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I completed my coding part in our project and I would like to have a code review with my overseas project manager (who is also involved in code development). But I'm a little scared of asking him because I am a fresher.

I think that a code review could help for two reasons:

  1. A senior programmer might catch errors.
  2. The exercise will serve as a mentoring/learning experience and help me grow.

But on the other hand:

  1. I don't want the project manager to think that I lack confidence in my code.
  2. And I don't want the project manager to lose confidence in me. In the future, I want more interesting, engaging work that will help me grow.

While my specific situation applies to programming, I'm wondering more generally:

  • Should I ask my project manager to review my work?
  • I've flagged this for migration to programmers given how specific it is to coding. – enderland May 24 '13 at 14:40
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    @enderland I don't see what's specific to coding here, to me this reads more like a question on how to approach one's manager (It's a "people problem", not a coding problem). user1671639 isn't asking if code reviews are a good practice, they already know it is. And in case I'm reading this wrong and it's indeed a coding problem, we already have a very good duplicate: Is code reviewing good practice?. – yannis May 24 '13 at 15:20
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    Fully agreed with @Yannis on this one. "Should my boss check my work?" is a universal question that has value in almost any type of job you will ever have. – jmac May 26 '13 at 23:20
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Asking a senior developer (or even just another developer) to review your code is a good thing - most companies have a formalised process for this.

Asking a project manager seems odd especially if they don't do any day to day development.

  • My project manager also involved in code development. – Gotcha May 24 '13 at 10:17
  • Then in this particular instance, don't think of him as your project manager, think of him as wearing the developer hat and he's just another developer. – Michael May 24 '13 at 11:00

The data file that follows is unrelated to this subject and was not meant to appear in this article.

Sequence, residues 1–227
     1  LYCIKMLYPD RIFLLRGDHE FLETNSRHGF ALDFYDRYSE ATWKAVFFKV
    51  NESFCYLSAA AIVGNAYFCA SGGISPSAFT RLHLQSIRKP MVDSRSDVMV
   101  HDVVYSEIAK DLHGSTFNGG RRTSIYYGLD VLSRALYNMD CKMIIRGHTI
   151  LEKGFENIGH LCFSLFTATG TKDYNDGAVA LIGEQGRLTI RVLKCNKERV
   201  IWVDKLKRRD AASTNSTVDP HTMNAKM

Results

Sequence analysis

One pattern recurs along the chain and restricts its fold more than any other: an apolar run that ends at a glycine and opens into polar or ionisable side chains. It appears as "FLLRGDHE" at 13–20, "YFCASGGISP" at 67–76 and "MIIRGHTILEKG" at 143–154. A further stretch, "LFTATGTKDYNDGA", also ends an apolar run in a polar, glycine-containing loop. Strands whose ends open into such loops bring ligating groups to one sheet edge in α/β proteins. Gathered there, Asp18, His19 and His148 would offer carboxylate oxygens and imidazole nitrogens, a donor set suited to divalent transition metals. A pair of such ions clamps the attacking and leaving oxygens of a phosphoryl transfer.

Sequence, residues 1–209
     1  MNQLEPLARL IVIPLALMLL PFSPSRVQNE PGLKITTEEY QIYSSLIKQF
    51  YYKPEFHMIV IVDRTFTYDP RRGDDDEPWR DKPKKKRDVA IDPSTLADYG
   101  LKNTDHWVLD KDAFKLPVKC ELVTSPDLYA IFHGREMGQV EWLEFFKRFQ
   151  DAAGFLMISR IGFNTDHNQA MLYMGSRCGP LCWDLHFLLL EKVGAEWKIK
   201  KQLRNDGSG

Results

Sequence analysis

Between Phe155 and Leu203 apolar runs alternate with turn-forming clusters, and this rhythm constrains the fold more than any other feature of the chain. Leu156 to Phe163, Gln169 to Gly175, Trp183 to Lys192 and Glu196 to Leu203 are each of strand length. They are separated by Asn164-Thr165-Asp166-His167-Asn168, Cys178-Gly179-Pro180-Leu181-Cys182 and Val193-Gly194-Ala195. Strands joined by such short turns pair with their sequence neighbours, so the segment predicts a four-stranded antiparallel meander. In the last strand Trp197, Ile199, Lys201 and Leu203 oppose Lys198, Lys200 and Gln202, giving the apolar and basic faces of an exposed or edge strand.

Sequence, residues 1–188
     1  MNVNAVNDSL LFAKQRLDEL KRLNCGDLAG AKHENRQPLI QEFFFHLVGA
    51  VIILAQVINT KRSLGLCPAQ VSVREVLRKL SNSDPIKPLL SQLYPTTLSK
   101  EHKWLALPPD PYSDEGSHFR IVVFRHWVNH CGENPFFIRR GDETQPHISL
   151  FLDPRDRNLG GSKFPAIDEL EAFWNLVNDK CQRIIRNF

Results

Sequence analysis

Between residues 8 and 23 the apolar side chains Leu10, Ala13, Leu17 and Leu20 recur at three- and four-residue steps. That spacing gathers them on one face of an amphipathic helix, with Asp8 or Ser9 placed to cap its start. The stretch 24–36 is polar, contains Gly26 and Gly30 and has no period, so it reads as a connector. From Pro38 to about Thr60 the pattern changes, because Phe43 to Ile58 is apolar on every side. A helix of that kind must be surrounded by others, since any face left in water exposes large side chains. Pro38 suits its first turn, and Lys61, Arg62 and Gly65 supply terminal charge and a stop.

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Focus on what is good for your company, and you'll get pretty far. If getting a code review is right, ask for it.

Just remember that your view of the situation may be skewed because it can be hard to compare "getting a review" against "not getting a review" because "not getting a review" actually means that you'll free up resources in your organization to do something else that you can't estimate the value of.

But anyway, if your peer seems to have time and you believe it adds value, go ahead. Asking for a review can just as well be a sign of confidence - not lack thereof.

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The project manager is assigned to get the promised deliverable on time. A good project manager will also ensure the deliverable is of the best quality possible without further delaying the project and without asking the team members to put in more resources than the project plan! Since your project manager wears the 'Developer's hat' too, and I am guessing (in your company) He (the project manager) has a long experience being a developer then rose up to the rank/position of the project manager, so he is an experienced developer as well. If that's how he rose up to the rank in your company and thats how your company interprets 'project manager' too then you be fine running your code through him. It doesn't suggest that you lack confidence in your code, rather suggests that you don't hesitate to ask questions even on your own work in pursuit of a higher quality deliverable. Also, research about the logic blocks you are coding and see what are other practices over the internet. During the code review, suggest those different practices to your 'project manager' to show that you are well aware of how else it could be done, just didn't know what would best suit your organization in the longer run. This will suggest that you have a wide perspective and can think out of the box to find the best route to the solution. A good skill for a programmer.

But usually (by PMI conventions) a project manager is a temporary position that a fellow takes up for the term of the project and he is given the hat to manage the project, not necessarily to make sure that the deliverable are of the utmost quality. There are other people to take care of that, even peers of the developers.

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